students act out in anger or in overt non-compliance. Children who feel anxious that they will not be able to complete what they are doing may also react in this way. Students may check-out or wont make an effort because they find it impossible to succeed with a controlling teacher. Does Andys anger and non-compliance have something to do with having a lack of autonomy or choices in school? I decided to ask him more about his initial survey responses (Appendix D). When I asked Andy how comfortable he was sharing when he wanted to change something in class, he told me that he was comfortable sharing with a partner or the whole class. He actually said he really liked sharing in these ways. However, he was only okay with sharing his thoughts through writing. I was thrilled that he felt comfortable sharing when he wanted to change things. I noticed that Andy frequently asked why we did things in class and what would happen if he didnt do them. For example, when asked how he felt about writing, he chose Do we have to do this? I realized that it wasnt to challenge me into a power struggle although I can understand how other teachers may perceive it that way. Instead Andy asked me those questions to challenge me to be more explicit with what we were doing and why it was meaningful. If I answered his questions immediately and honestly, he would either nod and walk away or ask more questions to help him understand what we were doing. I was beginning to see Andy, not as a threat, but as someone who would teach me why having choices and freedom to question was vital to the learning experience. Anna: Quiet and Left Behind Anna is a quiet girl. She gets along well with her classmates and doesnt cause trouble in class. Although Annas behavior seems ideal, I found her quiet obedience was due to tuning out. Her lack of involvement worried me because she represents the students who fall through the cracks by lack of attention from teachers. This made me wonder if students like Anna fall through the cracks because we are consumed by the vocal ones like Andy. Anna was significantly behind academically and didnt ask for help from me or her peers. I wanted to ask her more about her responses on the initial survey (Appendix D). When I asked Anna if she liked school, she said, No. She also chose Do we have to do this? when asked how she felt about reading and writing. It was clear that Anna didnt like school but I was drawn to what she did like. Anna said that she liked, Playing with finger puppets at center time, telling a partner what sh e thought and she also enjoyed science and math. What did she like about math and science? I wondered if it was because those two subjects tend to involve more hands-on learning and collaborative work with partners.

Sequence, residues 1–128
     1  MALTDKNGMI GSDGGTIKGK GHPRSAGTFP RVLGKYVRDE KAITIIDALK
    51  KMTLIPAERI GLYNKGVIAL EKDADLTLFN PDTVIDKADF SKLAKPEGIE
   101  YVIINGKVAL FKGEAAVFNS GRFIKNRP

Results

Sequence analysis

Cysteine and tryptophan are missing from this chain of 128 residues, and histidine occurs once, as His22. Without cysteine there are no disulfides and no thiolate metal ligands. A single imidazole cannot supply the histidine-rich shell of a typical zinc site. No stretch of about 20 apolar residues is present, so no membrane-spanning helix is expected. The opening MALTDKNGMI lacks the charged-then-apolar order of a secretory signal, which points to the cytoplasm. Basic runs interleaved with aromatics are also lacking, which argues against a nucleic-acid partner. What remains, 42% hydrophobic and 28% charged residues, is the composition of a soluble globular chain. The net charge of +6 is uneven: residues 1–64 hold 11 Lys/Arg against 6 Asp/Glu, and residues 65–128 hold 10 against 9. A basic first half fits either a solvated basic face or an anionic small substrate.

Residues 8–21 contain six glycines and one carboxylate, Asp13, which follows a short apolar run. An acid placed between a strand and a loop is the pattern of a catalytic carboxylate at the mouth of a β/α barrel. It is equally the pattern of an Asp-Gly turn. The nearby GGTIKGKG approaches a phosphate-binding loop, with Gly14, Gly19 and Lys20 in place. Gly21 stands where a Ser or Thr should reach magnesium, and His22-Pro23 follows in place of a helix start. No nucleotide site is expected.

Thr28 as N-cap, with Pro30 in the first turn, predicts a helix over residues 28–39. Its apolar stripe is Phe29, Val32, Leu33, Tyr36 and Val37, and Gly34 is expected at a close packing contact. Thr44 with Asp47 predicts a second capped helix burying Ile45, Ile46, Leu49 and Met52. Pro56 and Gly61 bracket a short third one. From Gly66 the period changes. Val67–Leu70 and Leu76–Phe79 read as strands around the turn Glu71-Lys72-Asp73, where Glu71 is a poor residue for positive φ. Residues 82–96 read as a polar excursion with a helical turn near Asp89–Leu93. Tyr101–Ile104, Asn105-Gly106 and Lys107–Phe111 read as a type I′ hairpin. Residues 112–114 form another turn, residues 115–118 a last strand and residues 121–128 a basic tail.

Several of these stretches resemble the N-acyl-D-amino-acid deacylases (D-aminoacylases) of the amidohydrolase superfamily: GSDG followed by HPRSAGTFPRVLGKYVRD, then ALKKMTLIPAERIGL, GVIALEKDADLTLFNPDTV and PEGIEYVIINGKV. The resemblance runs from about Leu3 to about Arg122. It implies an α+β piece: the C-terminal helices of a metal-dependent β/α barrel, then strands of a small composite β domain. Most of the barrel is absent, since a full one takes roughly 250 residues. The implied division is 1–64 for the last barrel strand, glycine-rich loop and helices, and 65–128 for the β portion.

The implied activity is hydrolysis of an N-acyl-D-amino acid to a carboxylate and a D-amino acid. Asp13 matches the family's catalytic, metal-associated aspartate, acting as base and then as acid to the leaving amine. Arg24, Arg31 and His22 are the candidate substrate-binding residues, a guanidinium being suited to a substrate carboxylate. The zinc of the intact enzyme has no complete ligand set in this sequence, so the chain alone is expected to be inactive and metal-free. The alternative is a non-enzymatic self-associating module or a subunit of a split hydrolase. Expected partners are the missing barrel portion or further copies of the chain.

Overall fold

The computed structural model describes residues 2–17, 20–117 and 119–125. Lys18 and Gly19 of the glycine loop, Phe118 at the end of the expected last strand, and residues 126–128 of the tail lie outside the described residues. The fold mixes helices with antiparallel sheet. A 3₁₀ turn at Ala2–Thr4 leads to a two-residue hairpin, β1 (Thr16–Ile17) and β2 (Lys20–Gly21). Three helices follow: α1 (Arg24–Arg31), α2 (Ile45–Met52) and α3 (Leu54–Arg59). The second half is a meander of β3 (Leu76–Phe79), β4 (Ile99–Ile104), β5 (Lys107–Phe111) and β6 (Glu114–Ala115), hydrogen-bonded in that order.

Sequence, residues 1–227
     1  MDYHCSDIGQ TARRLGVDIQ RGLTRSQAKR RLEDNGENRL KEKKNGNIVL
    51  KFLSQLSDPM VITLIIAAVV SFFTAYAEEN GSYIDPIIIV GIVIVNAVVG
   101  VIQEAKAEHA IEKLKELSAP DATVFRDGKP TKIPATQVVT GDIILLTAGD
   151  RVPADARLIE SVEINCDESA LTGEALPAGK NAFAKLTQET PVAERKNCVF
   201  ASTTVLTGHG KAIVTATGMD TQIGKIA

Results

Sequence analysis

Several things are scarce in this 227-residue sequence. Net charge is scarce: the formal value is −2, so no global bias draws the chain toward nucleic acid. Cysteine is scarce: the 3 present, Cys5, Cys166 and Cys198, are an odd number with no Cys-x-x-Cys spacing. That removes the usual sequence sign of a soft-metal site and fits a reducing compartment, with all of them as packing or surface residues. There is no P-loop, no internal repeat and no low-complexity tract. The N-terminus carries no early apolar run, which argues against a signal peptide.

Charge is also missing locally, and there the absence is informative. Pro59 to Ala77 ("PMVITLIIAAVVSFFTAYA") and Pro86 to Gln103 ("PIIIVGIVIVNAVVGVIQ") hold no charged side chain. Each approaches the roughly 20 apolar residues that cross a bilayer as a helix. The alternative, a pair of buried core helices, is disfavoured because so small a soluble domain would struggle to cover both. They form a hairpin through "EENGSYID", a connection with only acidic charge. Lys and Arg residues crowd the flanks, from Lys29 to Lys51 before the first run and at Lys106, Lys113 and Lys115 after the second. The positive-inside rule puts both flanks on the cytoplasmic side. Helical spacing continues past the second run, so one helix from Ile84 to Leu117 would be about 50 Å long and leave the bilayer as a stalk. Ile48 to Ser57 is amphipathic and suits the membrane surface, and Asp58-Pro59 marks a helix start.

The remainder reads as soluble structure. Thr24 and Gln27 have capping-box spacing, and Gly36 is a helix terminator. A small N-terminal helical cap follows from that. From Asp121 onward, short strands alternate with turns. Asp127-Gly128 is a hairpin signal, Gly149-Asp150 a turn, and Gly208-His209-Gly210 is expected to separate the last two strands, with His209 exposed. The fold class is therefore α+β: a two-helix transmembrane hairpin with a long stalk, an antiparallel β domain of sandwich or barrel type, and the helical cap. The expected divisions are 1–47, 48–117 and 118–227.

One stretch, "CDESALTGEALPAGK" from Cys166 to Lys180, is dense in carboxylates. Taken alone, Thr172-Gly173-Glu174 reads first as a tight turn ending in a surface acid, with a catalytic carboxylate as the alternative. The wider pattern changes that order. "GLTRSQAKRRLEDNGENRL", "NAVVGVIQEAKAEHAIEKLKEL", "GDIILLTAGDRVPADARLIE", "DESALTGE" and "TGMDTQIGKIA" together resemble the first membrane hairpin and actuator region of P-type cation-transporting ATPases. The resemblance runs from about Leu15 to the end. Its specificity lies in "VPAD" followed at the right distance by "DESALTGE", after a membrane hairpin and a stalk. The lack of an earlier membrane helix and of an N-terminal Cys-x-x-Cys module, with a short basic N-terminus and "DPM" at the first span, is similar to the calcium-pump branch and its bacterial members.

Assor would advise that Andy and Annas anger, tuning out and anxiety we re signals that indicated their need for autonomy was being threatened (2005). They need to be given choices and safe opportunities to voice what they need when they are uncomfortable with their learning. If I were to reach Andy and Anna, I needed to use their feedback to guide our learning. Since they were the hardest to reach in my class, would my other students still benefit from Andy and Annas suggestions? What do my easiest to reach students have to say? Ryan & Deci state that students have a basic need for autonomy, competence, and belonging (2000). Autonomy refers to the striving of ones authentic self being reflected in ones basic needs and self-chosen values, interests and goals (Assor et al, 2005). When the basic need for autonomy is violated by external controls, two behaviors emerge: compliance (to avoid punishment) and anger. It may seem that I am reaching my compliant students because they appear well-behaved and are doing their work. But according to Assor, they are just doing what they are told. In actuality I am not reaching them because they do not have their own internal motivation to learn what we are doing. My students Charlie and Abbey came to mind. Charlie: Unleash the teacher pleasers! Charlie rarely missed a day in first grade. He brought his homework every day and began his assignments without being told twice. Charlies academic performance was at or above grade level. He was respectful to adults and his peers. He appeared to be the model student. I sat with Charlie to ask him the questions on the initial survey (Appendix D). Charlie functions well in the structure of a traditional school setting. When asked what he liked about school, he replied, Lining up at recess and lunch. He liked the traditional structures of school. Charlies response worried me because I wondered how he would react when given situations that required him to think more creatively or innovatively since he was more comfortable being told what to do. I was struck by his silence when asked what he didnt like about school or what he thought about when his mind wandered. I noticed during group work, Charlie would keep to himself and finish his work without sharing or asking for ideas from his table group. I would hear a student ask him for help and he would remain silent, ignoring the student. I was worried by this because being compliant or a well-behaved student could affect his ability to think critically or innovatively within a collaborative setting. Abbey: Compliance does not equal learning Abbey came to school early with her parents each day. She was similar to Charlie because she began work right away, completed it, and seemed to enjoy

learning. Abbey also performed at or above grade level. Abbey gave hugs to teachers and frequently said how much she loved to learn. Teachers hoped for a student like Abbey. I wondered if there was anything about school that Abbey wanted to change. When I asked Abbey how she felt about core school subjects on the initial survey (Appendix D), she said, I like it all the time! She clearly loved school. When I asked her what she liked about school Abbey replied, Mrs. Han. I worried that her response s reflected a desire to please me or appear compliant. Was she so used to doing what the teacher said that she had difficulty thinking on her own? What would Abbey do if she didnt understand what she was learning? Students may appear to comply because it is too risky to openly resist the external pressures. They study the minimum or only what is required by the teacher, just to avoid punishments or to obtain material rewards or a grade (Ryan & Deci, 2000). This narrows their learning experiences and their efforts. Assor argues that control appears to work because students are doing the work, but compliance can limit student collaboration and creativity because it becomes directed at pleasing me, the teacher. What was learned is short-lived and doesnt make a lasting impression on the student. I wanted them to think for themselves and own what they learned. I started to think that providing choices and creating space for my students to voice how they felt about their learning was vital for both my hard to reach and easy to reach students.